Life as It Is
Or Matters and Things in General
- Author(s): Breazeale, J. W. M.
- Series: Appalachian Echoes Non-fiction
- Imprint: Univ Tennessee Press
- Publication Date: 2009-10-15
- Status: Active
- Available in Paper: Price $29.95 | Buy Now
Originally published in 1842, John Will M. Breazeale’s Life as It Is is an insightful—and at times chilling—collection of essays on a variety of subjects relating to life in early East Tennessee. Though little is known about the author, a frontier lawyer and editor of the Tennessee Journal from 1837 to 1838, scholars of the nineteenth-century South, Tennessee historians, and even true crime buffs will find his observations of considerable interest.
The first chapters present a history of Tennessee from its first European exploration through the state’s admission to the Union. Later chapters highlight the state’s unique geographic features, followed by a gruesome account of the murderous rampage of Micajah and Wiley Harp, who terrorized settlers along the line separating eastern Kentucky and Tennessee at the turn of the nineteenth century. Breazeale next offers his thoughts on the practice of political “electioneering,” recounting a fictional canvass in a typical congressional district. Life as It Is concludes with several chapters noting various features of Breazeale’s Tennessee, including Native American “antiquities,” the founding of the state government, and an early religious revival.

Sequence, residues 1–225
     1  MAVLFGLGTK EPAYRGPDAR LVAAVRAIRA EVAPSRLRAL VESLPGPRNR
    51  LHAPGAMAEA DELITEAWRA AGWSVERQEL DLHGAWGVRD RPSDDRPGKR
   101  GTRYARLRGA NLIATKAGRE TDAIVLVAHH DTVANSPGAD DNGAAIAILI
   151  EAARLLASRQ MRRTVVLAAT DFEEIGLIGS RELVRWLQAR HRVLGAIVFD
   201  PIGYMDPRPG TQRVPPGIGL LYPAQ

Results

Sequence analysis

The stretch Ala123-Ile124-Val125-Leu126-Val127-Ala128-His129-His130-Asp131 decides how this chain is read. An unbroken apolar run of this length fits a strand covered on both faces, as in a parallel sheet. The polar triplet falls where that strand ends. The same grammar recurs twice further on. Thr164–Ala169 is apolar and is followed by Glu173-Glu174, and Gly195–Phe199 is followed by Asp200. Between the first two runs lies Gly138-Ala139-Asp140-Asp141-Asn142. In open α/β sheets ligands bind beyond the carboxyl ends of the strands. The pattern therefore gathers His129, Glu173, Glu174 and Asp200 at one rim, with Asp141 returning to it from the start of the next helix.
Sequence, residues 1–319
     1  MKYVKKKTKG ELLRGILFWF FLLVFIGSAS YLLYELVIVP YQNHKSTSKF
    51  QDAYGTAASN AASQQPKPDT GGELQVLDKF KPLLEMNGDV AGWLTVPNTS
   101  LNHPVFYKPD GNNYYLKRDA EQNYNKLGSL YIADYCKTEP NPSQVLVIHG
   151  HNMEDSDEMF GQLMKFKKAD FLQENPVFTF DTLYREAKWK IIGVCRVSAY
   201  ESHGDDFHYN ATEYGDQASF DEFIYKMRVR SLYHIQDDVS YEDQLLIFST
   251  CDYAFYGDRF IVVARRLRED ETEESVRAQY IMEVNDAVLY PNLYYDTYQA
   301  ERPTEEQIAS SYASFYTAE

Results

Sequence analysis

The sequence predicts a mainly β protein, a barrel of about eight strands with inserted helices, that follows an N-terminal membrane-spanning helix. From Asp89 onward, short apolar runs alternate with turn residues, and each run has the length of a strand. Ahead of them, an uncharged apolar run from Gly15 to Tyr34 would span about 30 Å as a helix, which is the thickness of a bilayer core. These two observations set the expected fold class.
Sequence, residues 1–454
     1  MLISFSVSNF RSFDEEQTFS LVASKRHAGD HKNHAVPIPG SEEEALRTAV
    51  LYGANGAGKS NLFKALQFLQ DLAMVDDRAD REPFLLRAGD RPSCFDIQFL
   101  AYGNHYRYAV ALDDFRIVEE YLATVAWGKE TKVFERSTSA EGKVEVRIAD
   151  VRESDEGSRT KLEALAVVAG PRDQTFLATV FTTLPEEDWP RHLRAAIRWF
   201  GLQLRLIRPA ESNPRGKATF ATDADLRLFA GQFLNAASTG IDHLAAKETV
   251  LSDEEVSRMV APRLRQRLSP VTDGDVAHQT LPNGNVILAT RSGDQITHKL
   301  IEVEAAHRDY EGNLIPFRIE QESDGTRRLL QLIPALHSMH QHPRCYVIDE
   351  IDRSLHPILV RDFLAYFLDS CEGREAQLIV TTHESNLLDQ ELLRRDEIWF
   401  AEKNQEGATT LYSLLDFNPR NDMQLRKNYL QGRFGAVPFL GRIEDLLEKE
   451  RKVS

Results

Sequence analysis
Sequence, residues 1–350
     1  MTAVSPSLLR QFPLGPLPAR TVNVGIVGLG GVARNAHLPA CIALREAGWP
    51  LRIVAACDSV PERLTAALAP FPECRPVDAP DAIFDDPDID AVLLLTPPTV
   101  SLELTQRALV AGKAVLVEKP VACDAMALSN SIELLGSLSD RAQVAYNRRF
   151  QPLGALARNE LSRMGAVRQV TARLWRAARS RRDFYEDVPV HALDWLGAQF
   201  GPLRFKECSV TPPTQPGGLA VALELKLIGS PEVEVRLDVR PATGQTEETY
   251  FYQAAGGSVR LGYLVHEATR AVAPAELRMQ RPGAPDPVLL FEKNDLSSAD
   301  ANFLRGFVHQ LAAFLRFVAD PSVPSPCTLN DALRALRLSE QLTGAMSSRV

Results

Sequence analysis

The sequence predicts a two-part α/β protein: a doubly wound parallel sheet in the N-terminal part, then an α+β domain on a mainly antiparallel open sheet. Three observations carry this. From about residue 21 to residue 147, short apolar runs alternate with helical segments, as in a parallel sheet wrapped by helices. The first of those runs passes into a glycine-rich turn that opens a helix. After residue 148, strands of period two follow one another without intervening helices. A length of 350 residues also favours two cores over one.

Breazeale’s account both complements and corrects Judge John Haywood’s better-known Civil and Political History of the State of Tennessee, revealing the richly varied attitudes of early Tennessee pioneers toward their history, society, politics, and natural environments.
J. W. M. Breazeale was a lawyer and editor of the Tennessee Journal from 1837 to 1838.
Jonathan M. Atkins, professor of history at Berry College in Mt. Berry, Georgia, is the author of numerous articles and the book Parties, Politics, and the Sectional Conflict in Tennessee, 1832–1861.